Carl Sandburg's "Chicago": Bringing a Great City Alive
Carl Sandburg's "Chicago" is one of the best known works of 20th century American literature. Included in countless anthologies, this poem made famous the description of Chicago as "City of the Big Shoulders," celebrating its role at the time as the industrial capital of the United States. Sandburg penned it during the summer of 1913 upon moving to Chicago. It first appeared in Poetry magazine in March 1914 and two years later was published with the collection entitled Chicago Poems.
In this lesson students will look at Sandburg's poem in a literary, historical, and biographical context. By first examining primary photographs, maps, and other documents that depict Chicago at the turn of the century, students will anticipate Sandburg's description of and attitudes towards the city. They will then read a short biography of the poet to make further predictions about the poem. Finally students will read the poem and identify the ways in which Sandburg uses literary techniques such as personification and apostrophe to make vivid the Chicago he knew. At the end of the lesson, students will bring all these strands together by using "Chicago" as a model for writing original pieces about places that are important to them.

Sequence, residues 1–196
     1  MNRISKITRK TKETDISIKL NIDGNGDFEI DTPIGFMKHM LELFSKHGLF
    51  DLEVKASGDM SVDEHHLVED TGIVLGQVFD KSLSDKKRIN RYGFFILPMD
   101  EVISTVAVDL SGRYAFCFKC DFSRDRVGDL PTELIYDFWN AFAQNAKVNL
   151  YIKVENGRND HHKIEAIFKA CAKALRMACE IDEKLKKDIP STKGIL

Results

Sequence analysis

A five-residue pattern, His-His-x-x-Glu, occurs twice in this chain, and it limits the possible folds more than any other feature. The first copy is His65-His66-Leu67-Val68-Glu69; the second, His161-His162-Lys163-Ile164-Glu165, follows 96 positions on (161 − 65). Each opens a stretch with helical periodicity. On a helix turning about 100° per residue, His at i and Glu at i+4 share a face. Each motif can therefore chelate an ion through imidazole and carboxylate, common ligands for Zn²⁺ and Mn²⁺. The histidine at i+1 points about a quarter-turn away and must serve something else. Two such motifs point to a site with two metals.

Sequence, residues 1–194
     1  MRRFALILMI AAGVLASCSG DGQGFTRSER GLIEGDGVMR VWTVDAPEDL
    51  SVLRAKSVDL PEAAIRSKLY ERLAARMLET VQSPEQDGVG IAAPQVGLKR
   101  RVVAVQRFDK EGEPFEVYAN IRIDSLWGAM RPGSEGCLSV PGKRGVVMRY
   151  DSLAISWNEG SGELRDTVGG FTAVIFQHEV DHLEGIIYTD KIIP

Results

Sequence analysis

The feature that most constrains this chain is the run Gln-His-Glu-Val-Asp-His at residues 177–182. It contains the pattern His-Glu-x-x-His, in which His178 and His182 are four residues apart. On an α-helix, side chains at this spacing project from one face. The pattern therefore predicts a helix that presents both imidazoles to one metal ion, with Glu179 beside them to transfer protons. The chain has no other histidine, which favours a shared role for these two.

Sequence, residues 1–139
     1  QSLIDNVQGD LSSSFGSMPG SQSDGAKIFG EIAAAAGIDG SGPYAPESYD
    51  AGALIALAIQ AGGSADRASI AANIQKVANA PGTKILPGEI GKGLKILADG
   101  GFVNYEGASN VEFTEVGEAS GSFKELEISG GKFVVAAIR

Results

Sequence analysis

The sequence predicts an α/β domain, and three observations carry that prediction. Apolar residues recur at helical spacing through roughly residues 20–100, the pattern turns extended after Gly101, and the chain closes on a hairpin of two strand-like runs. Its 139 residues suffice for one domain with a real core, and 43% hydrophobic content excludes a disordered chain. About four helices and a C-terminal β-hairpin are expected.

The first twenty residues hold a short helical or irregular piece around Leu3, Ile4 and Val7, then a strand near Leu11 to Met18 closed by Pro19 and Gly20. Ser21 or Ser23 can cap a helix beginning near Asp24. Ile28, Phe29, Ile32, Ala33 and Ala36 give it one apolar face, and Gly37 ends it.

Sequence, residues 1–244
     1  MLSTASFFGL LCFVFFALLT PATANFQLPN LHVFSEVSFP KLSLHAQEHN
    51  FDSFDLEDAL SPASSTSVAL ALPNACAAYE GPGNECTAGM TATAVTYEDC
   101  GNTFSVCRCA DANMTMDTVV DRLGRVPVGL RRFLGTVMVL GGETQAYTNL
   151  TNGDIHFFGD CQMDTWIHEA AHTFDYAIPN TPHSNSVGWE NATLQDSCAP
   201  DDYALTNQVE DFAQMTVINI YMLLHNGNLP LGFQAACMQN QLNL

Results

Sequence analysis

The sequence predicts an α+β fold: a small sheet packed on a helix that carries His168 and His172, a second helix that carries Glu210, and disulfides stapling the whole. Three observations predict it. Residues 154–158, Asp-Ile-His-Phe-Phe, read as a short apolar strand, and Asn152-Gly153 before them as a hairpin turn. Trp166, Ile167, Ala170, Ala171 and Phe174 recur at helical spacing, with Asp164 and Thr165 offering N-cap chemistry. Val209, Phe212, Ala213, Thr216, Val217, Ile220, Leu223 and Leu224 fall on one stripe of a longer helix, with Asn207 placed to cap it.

How does a poet bring a particular time and place alive through personification and apostrophe?
What does "Chicago" reveal about urbanization and industrialization at the turn of the century?
Describe the historical and cultural context in which Sandburg's famous poem was written.
Define the poetic devices of personification and apostrophe and identify them in Sandburg's poem.
Write and reflect upon their own descriptive pieces that use Sandburg's detail and figurative language as a model for evoking a place.